Tiger Tank

My German Flames of War army is evolving in such a way that I have several units that I can use in different armies. This Tiger tank that I finished up last night is a good example of this. I can use it to add some muscle (and distraction) to either my Fallschirmjager force, or my Panzer company.

flames of war tiger tank painted by xenite

This model is also the test bed for several new techniques that weren’t used on the StuGs I had painted earlier. This started the same way with an undercoat of Vallejo Green Brown, and then a base coat of Middlestone. After this I added a wash of Middlestone (60%)/Black(10%) /gel medium(10%)/water(20%). Once this wash was dry, I picked out detail, and did some dry brushing.

flames of war tiger tank painted by xenite

flames of war tiger tank painted by xenite

Camo, and battle damage was done the same way as the StuGs. The camo brown is a bit different on this model.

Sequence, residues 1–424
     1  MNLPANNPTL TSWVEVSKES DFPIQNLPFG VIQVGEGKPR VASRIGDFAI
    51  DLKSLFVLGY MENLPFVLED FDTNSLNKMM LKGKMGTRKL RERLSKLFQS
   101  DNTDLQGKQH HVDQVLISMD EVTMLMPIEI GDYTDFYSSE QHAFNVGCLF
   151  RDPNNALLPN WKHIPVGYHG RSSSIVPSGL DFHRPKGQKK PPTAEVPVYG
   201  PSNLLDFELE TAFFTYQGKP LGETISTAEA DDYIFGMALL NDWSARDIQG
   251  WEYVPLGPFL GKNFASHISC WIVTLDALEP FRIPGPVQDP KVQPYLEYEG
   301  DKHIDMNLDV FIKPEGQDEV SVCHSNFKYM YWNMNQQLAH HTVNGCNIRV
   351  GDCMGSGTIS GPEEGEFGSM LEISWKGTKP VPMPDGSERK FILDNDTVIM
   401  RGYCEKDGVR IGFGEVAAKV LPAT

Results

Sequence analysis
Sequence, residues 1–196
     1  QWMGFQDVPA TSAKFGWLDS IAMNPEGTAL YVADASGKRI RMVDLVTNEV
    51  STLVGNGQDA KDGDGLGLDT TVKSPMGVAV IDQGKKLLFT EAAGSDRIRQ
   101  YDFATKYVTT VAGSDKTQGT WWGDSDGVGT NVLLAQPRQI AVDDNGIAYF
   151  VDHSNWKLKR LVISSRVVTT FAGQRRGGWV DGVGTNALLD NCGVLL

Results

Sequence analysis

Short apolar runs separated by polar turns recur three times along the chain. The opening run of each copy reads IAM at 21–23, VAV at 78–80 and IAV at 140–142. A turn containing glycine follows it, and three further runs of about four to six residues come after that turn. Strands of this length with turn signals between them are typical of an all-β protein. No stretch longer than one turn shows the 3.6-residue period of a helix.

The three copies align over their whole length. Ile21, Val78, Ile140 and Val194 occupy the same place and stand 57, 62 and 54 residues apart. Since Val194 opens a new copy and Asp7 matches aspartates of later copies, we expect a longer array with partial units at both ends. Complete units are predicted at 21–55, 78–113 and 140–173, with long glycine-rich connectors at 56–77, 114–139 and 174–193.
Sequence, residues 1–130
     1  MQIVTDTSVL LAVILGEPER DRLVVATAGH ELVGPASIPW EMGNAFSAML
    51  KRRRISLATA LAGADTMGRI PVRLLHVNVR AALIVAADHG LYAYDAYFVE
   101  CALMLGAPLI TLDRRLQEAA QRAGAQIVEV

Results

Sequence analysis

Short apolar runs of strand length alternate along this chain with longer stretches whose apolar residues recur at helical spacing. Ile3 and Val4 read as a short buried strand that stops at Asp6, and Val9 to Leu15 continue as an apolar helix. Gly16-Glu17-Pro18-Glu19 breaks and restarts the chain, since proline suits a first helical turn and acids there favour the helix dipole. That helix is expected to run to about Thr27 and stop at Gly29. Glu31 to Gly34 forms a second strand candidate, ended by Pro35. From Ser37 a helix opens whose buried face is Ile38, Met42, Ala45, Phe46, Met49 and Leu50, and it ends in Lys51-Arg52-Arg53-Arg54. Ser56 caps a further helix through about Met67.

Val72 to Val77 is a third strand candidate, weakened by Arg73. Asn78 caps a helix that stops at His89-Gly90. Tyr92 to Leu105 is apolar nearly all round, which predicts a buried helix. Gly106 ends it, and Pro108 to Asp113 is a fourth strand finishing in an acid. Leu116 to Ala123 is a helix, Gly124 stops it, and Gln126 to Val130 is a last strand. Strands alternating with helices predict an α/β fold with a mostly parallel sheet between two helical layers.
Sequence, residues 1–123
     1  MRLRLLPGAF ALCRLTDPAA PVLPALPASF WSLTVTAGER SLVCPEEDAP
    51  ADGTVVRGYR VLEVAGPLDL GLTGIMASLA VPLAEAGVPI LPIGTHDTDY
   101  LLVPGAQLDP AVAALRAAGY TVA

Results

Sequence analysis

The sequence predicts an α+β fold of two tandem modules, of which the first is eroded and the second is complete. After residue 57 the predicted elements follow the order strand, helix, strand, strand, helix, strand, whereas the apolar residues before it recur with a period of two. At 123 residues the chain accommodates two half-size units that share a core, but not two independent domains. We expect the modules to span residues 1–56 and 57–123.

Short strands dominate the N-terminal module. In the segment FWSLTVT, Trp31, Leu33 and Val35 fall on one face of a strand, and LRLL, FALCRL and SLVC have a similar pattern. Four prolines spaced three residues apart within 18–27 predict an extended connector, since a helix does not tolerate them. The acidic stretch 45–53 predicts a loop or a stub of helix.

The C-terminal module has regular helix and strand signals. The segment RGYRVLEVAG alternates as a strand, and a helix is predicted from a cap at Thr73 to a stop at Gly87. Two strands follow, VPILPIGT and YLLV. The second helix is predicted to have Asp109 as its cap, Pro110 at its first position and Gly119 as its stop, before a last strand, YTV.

This is essentially the method that I intend to use on my entire Panzer Company.

Author: xenite

I am an avid gamer, sculptor, and artist. The creative aspect of this hobby is what really draws me to it. :)

2 thoughts on “Tiger Tank”

    1. All of my German tanks are painted with Vallejo Middlestone (I think that is the color they recommend for dunklegelb – anyway all of the colors that come with the flames of war, German paint set were used here), and then washed with a mix of middlestone, German gray, and water (2:1:5 more or less). Once this is dry I drybrush the tank with Middlestone to pop up some of the details. The camo was done by painting on successive layers of watered down green or brown blotches. Doing several layers that overlap inconsistently creates a look that looks like paint sprayed onto the tank. One of the Flames of War ‘Art of War’ books has a great article on it (you can probably track it down on their website). After the camo was applied I did the weathering, added another layer of drybrushed Middlestone, and picked out some of the details with some Middlestone mixed with white (2:1). Let me know if you have any questions.

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